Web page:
Post-traumatic Stress Disorder (PTSD)
Fortunately, most people do not experience long-term negative reactions after a stressful event but cope with the distress in an adaptive way. However, some develop persistent traumatic stress reactions, such as PTSD. When we speak of PTSD, a specific constellation of PTSS is present in a persistent and significantly distressing way.
In the recent fifth edition of the diagnostic and statistical manual of mental health (DSM-V), the definition of PTSD has been considerably changed as compared to the formerly used DSM-IV. Yet, most psychological diagnostic and screening instruments (used in scientific research) are based on the DSM-IV criteria (17). Therefore, both will be addressed in the following.
PTSD in the DSM-IV
According to the DSM-IV, there are 17 PTSS which are grouped into three clusters: re-experience (cluster B), avoidance (cluster C) of the traumatic event, and increased arousal (cluster D) (18). To meet the diagnostic threshold for PTSD of the DSM-IV, individuals must experience at least one symptom of cluster B, three symptoms of cluster C, and two symptoms of cluster D in reaction to a traumatic event for more than a month.
PTSD in the DSM-V
The DSM-V lists 20 symptoms and divides them into 4 clusters instead of 3. They are called intrusion (cluster B), avoidance (cluster C), negative alterations in cognition and mood (cluster D), and alterations in arousal and reactivity (cluster E) (16). Compared to the DSM-IV, the number of symptoms that must be present for a diagnosis did not change, but the distribution over the different clusters did, as the individual must experience at least one cluster B, one cluster C, two cluster D, and two cluster E symptoms for more than a month. Besides, the DSM-V introduced a PTSD subtype for children 6 years and younger. The major change for preschool children is that in order to obtain a PTSD diagnosis only one symptom in either the “avoidance” or the “negative alterations in cognition and mood cluster” is needed.
Individuals can suffer from various PTSS without completely meeting all criteria for a PTSD. When this is the case, the literature speaks of “subthreshold,” “partial,” “subclinical,” or “subsyndromal” PTSD (19). Some authors also refer to elevated PTSS (13, 20). We suggest to use the term subthreshold PTSD as it refers best to patients who do not meet full PTSD criteria, and this term is also preferred by the World Health Organization (WHO) (21). Patients with subthreshold PTSD suffer from several PTSS but show too few symptoms to obtain a clinical diagnosis of PTSD (22). In literature, there is no strong consensus about a precise definition of subthreshold PTSD (19). Clinicians do not agree about the number of symptoms that must be experienced and to what extent all clusters must be present in order to determine the diagnosis of subthreshold PTSD. Therefore, there is a lot of variation in definition and nomenclature of this variable throughout the literature.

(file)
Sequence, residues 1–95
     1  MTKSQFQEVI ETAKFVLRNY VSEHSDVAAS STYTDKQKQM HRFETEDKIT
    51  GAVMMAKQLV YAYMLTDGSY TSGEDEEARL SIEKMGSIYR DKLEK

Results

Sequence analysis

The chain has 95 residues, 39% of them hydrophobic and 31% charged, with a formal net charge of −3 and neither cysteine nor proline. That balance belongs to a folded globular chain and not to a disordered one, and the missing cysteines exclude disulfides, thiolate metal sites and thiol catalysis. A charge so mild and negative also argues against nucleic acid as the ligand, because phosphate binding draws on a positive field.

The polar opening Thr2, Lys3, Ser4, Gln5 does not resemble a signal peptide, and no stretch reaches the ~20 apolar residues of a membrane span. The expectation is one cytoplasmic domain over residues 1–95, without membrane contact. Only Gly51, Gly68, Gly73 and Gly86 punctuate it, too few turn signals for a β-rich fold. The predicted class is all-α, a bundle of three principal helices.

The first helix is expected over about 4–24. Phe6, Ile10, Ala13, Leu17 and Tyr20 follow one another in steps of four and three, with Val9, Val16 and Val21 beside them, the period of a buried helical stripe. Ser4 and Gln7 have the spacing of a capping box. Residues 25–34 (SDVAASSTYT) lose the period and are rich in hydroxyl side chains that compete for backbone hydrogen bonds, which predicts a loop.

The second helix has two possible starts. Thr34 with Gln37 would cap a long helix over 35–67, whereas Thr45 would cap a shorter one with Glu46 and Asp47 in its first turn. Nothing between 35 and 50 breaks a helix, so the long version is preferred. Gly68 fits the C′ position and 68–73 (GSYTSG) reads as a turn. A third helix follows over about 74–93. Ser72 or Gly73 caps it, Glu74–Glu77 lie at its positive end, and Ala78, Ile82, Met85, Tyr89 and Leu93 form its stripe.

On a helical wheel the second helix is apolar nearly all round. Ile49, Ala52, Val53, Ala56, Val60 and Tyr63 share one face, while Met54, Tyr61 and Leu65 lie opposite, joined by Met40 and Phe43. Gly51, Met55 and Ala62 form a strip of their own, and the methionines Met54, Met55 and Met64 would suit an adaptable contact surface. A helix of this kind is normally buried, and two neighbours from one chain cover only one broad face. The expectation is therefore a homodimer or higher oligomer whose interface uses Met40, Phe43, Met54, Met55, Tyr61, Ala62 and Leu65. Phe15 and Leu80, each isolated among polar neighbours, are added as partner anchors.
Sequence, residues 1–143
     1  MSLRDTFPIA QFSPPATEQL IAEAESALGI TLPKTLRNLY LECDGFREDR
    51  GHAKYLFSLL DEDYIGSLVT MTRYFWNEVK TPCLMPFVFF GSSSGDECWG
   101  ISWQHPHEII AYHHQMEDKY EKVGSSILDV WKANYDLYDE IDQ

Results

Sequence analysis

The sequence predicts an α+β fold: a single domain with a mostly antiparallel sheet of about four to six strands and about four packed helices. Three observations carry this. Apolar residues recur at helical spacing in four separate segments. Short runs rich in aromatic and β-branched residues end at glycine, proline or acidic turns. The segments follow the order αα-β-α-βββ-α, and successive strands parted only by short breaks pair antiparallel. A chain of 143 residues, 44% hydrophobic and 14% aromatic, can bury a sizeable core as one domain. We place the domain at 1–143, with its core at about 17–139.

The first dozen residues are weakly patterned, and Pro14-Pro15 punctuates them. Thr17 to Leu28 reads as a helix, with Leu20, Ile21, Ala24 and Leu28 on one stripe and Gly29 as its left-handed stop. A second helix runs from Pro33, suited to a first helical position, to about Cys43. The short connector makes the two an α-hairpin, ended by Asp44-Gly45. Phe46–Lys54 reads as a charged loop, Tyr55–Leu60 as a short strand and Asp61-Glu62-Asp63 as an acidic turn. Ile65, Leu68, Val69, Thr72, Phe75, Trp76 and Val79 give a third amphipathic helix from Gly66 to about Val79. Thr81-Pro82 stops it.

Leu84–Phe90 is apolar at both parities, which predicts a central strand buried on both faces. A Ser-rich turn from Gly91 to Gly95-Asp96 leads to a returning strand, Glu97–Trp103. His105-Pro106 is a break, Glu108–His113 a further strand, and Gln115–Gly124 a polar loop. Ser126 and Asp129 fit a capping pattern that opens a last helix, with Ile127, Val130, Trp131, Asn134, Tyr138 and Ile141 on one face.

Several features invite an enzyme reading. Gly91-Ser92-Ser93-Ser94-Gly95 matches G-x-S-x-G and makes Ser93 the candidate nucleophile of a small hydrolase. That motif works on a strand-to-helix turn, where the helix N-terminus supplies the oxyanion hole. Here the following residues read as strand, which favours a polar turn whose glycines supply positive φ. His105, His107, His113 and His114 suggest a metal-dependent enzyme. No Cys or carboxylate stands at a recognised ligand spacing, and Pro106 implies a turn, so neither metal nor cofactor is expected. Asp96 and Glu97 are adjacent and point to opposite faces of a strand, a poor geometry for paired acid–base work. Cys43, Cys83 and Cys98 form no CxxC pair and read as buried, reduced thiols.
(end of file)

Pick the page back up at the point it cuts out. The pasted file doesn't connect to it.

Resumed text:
However, all definitions agree that even the presence of subthreshold symptoms can lead to serious impairment of everyday functioning and must not be ignored (22, 23). Unfortunately, subthreshold PTSD is not part of any official classification and is likely to be under-diagnosed. To improve the comparability of scientific findings regarding subthreshold PTSD, the WHO introduced the following definition: meeting two or three of the DSM-V criteria B–E (21). However, most screening questionnaires and diagnostic interviews used in the clinical practice and for research purposes still rely on the DSM-IV criteria, which makes it impossible to use the definition of the WHO. Therefore, updated versions of the instruments are highly needed. The three most frequently used DSM-IV definitions for subthreshold PTSD are (1) meeting criterion B plus C or D, (2) meeting two of the three criteria B, C, and D, and (3) having at least one symptom of each criterion (23). Despite the varying definitions across studies, prevalence rates were found to be most influenced by sample composition rather than definition (23).
Pediatric Medical Traumatic Stress (PMTS)
Another term, which has been developed recently, is PMTS. PMTS refers to “a set of psychological and physiological responses of children and their families to pain, injury, serious illness, medical procedures, and invasive or frightening treatment experiences” (24). PMTS is related to subthreshold PTSD in the way that it represents a concept of PTSS when not all criteria for a PTSD are met. However, PMTS is limited to the pediatric setting. The underlying theory of PMTS offers a framework for comparable psychological responses in reaction to a variety of different pediatric injuries and illnesses (13).
About seven different types of validated instruments have been used to measure PTSS in children and adolescents in the pediatric setting (17). Three of them were used in scientific research into PTSD in children and adolescents with ConHD.
(1) The Diagnostic Interview Schedule for Children (DISC) (25) is a structured diagnostic instrument to screen for more than 30 developmental psychiatric diagnoses. The child version is suited for youngsters aged 9–17 years. There is also a parallel parent version for children aged 6–17 years. Furthermore, there is an interviewer-administered computer-assisted and paper-and-pencil version and a self-administered computerized audio version. The DISC contains 24 modules that can be administered individually. One of those modules is the anxiety disorder module that, among others, addresses the DSM-IV criteria of PTSD. Yet, no DSM-V version is available. The DISC has been shown to be a reliable and valid instrument (26, 27).
(2) The University of California at Los Angeles post-traumatic Stress Disorder Reaction Index (UCLA PTSD-RI) has a child, adolescent, and parent version. It can be administered verbally (questions are read out loud) or as a self-report (completed on paper). Norms for children and adolescents between 7 and 18 years are available. It was not designed to provide a PTSD diagnosis. The psychometric properties are good, and the UCLA PTSD-RI has been used widely (28, 29). A DSM-V version has been developed recently.